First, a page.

Michael is a political junkie who’s watching the election closely. He recently penned a 900-word essay about why he thinks Romney will win, which was signed, “Often wrong, but never uncertain.”

    Every four years, he throws a party to celebrate America going to the polls.

    “There’s always a big pot of chili on the stove and usually some leftover Halloween candy,” he says. “And we sit around and eat and drink and cheer and weep.”

    His wife, Susanne, is a libertarian. But she doesn’t care that much about politics, and declined to be interviewed. Tex is also a libertarian. In the 2008 election, he voted for Ron Paul as a write-in.

    This year, he’s undecided.

    “I’d be much more willing to vote for Romney than I would, say, McCain,” Tex reports by phone from Utah.

    That’s because he didn’t support U.S. Sen. John McCain’s campaign-finance reform. These days, Tex cares most about energy independence. He’s studying mining engineering, and he wants companies to be able to mine so that he can have a job.

    But on energy issues, he admits he doesn’t see that Romney and President Barack Obama are all that different.

    “I think they’re fairly similar,” Tex says. “I don’t think Obama is necessarily anti-drilling. There have been new permits approved in the Gulf, etc.”

    Living the big issue

    For Michael, this election is about jobs.

    “I am, I suppose, one of those underemployed people that you read about in the employment statistics.”

    Before 2008, Michael worked at Media F/X, the business he co-owns with his wife. They consulted for companies such as GlaxoSmithKline on graphic design, Web development and branding.

    “Around 2008, with the economic meltdown that crushed a number of people, we found that there was just not enough work for the two of us,” Michael says.

    While Susanne worked to keep the business afloat, Michael got a job at Target stocking shelves. He’s been doing that for 3-1/2 years. And he doesn’t see a Democratic victory improving his prospects.

    “I do see four more years of Obama being like the last four years: continuing impoverishment, continuing asset destruction, increased unemployment, dead economy getting deader,” he predicts. “And that’s going to affect me. I’m not a rich guy.”

    Still, Romney isn’t his ideal candidate.

    “In terms of presidential candidates, I like people who believe in something,” he says. “Romney is not that person. Romney is a technocrat.”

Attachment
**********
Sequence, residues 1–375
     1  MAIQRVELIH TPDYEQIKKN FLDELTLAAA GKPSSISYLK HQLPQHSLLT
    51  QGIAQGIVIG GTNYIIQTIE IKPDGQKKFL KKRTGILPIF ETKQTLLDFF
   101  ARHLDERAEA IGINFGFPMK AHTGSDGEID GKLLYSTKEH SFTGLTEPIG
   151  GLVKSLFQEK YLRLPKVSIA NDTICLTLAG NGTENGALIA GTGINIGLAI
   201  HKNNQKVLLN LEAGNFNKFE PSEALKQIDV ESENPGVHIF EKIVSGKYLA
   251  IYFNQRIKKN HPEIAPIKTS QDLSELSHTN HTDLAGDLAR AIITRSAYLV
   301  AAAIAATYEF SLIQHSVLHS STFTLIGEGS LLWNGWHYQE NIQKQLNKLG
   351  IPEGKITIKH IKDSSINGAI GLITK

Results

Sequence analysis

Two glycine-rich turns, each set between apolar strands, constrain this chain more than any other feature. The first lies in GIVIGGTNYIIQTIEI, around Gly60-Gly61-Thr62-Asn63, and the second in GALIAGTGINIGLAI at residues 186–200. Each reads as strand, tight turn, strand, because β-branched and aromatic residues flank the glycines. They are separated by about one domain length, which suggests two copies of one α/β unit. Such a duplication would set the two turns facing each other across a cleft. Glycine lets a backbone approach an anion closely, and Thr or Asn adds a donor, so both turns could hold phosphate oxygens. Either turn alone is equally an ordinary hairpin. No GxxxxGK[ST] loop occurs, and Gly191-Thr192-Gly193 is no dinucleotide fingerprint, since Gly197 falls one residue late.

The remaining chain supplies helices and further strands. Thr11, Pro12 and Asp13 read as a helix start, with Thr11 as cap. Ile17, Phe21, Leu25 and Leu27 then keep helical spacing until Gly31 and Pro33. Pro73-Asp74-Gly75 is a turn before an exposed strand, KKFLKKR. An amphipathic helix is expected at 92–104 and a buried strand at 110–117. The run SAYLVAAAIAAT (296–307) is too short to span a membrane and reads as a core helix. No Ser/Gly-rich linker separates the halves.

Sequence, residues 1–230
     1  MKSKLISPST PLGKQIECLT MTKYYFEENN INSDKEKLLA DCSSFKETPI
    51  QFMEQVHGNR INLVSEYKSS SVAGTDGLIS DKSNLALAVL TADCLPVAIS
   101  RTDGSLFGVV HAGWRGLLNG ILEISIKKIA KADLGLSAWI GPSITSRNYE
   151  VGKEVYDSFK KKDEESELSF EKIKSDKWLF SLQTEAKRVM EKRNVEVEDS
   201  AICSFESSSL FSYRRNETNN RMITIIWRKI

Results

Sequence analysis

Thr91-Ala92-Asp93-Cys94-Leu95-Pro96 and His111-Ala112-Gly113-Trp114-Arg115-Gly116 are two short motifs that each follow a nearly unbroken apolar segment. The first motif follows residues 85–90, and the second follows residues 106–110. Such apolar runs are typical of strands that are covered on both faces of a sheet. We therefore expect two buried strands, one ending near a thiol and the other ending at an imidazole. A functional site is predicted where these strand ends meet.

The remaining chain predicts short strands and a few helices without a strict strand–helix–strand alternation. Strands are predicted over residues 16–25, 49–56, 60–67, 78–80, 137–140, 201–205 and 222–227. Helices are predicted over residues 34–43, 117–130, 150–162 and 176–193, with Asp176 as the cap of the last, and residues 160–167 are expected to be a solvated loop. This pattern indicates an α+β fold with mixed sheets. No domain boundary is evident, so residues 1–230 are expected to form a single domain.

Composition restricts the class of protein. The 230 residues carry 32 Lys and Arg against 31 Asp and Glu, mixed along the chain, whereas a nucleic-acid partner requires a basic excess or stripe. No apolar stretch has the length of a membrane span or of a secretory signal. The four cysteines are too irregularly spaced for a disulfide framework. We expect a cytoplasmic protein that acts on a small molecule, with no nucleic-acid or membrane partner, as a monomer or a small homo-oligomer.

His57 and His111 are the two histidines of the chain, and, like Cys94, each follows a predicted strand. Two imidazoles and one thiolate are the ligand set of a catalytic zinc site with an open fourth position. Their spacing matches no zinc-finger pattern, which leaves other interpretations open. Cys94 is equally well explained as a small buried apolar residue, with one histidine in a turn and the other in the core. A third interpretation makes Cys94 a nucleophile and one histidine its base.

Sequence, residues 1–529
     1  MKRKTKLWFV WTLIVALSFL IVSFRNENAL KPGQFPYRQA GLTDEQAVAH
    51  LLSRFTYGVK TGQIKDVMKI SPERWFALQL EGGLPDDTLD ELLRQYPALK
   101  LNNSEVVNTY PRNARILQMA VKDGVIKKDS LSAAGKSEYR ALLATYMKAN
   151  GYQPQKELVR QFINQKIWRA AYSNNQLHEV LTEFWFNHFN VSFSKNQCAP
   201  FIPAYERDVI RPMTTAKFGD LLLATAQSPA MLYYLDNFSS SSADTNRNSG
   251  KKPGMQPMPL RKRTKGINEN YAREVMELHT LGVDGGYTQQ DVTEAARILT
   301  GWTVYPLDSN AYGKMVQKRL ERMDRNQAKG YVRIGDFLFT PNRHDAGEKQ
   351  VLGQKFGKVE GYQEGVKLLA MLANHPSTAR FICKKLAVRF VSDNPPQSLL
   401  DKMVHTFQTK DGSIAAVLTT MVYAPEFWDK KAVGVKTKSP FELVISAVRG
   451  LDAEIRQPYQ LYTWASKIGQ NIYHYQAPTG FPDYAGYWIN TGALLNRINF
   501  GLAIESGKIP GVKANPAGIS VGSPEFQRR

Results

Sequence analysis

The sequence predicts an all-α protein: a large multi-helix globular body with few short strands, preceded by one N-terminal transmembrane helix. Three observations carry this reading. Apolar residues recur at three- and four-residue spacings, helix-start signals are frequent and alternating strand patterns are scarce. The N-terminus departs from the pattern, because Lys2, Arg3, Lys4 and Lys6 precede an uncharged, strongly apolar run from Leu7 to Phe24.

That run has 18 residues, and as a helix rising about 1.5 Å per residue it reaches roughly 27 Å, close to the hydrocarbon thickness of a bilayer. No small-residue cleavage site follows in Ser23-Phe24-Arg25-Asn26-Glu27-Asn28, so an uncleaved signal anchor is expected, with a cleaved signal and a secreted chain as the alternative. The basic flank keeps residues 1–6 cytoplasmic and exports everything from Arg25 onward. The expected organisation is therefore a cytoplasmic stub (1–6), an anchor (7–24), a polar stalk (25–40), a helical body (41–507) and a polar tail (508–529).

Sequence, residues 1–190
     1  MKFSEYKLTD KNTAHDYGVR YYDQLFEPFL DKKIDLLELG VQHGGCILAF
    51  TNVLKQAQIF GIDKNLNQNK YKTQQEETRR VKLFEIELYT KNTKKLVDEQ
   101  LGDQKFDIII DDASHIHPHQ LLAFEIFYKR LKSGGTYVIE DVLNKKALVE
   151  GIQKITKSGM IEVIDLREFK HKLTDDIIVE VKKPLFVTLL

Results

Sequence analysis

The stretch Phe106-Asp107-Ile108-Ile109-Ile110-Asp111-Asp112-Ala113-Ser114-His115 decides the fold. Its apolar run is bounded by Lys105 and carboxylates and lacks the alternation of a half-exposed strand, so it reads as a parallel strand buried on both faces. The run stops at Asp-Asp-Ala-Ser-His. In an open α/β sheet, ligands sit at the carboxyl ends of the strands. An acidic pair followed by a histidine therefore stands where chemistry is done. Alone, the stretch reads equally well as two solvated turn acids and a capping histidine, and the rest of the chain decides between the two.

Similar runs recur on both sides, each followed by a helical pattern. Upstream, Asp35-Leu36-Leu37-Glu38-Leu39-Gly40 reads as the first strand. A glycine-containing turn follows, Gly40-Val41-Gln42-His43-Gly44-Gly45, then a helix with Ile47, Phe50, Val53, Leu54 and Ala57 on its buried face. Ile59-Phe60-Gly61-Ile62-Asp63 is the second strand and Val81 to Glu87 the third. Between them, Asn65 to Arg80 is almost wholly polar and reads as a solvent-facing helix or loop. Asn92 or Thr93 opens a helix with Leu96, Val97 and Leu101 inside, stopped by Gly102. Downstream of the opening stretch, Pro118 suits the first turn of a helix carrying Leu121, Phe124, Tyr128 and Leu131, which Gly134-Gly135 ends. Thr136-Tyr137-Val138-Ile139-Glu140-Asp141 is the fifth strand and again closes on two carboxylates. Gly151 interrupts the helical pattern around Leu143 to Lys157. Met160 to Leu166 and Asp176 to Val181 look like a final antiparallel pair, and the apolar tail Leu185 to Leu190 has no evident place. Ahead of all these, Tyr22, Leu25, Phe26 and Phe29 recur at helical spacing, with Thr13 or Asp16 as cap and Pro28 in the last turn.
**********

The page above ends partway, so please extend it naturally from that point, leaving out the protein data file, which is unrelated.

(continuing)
But, Michael says, this election is not really about Romney. It’s a referendum on Obama, he says, and that assertion gets him on a rhetorical roll.

    “Elections where an incumbent is running for a second term are always about the incumbent and about his performance,” he says. They’re not about Ann Romney’s horse. They’re not about Bain Capital. They’re not about the challenger’s tax returns. They’re not about who’s going to buy Sandra Fluke’s birth control pills.”

    Michael disagrees with Obama on everything from immigration to his use of executive orders in the face of Congressional gridlock. The stakes, for him, are high.

    “I see four more years of Obama as being basically the end of America as we know it,” he says.

    Heat up the chili

    Wow, so the mood might be a little tense in the early going at Michael’s Election Day party. Tex is in Utah, so he won’t be able to make it this year. But he remembers the get-togethers fondly.

    “I remember some of them going pretty late into the night as people were waiting for Hawaii to start reporting and stuff like that,” Tex says. He says something about his dad that not every son gets to say: “He likes to throw a lot of parties.”

    Michael says he always enjoys the partying on Election Day with his wife, relatives and friends, even if doesn’t always like the election results.

    But, this year, he’s betting that his guy will win.

    Check back here to see updates as NewsWorks follows the experiences and thoughts of the Kubackis of East Falls experiences during this election season.


    Other family profiles in the series:


    Thursday, Oct. 11

    The Kilgannons of Collingswood, N.J. (on WHYY-FM and NewsWorks)
    The Simons of Roxborough, Philadelphia (NewsWorks only)

    Friday, Oct. 12

    Alisha Jones and Crystal Portlock of Bear, Del. (on WHYY-FM and NewsWorks)
    Janet Gilease and Jonna Naylor of West Mount Airy, Philadelphia (NewsWorks only)

    Monday, Oct. 15

    The Zauns of Downingtown, Chester County (on WHYY-FM and NewsWorks) 

    Tuesday, Oct. 16

            Boris Kheyfets and Yana Chernov of West Philadelphia (on WHYY-FM and Newsworks)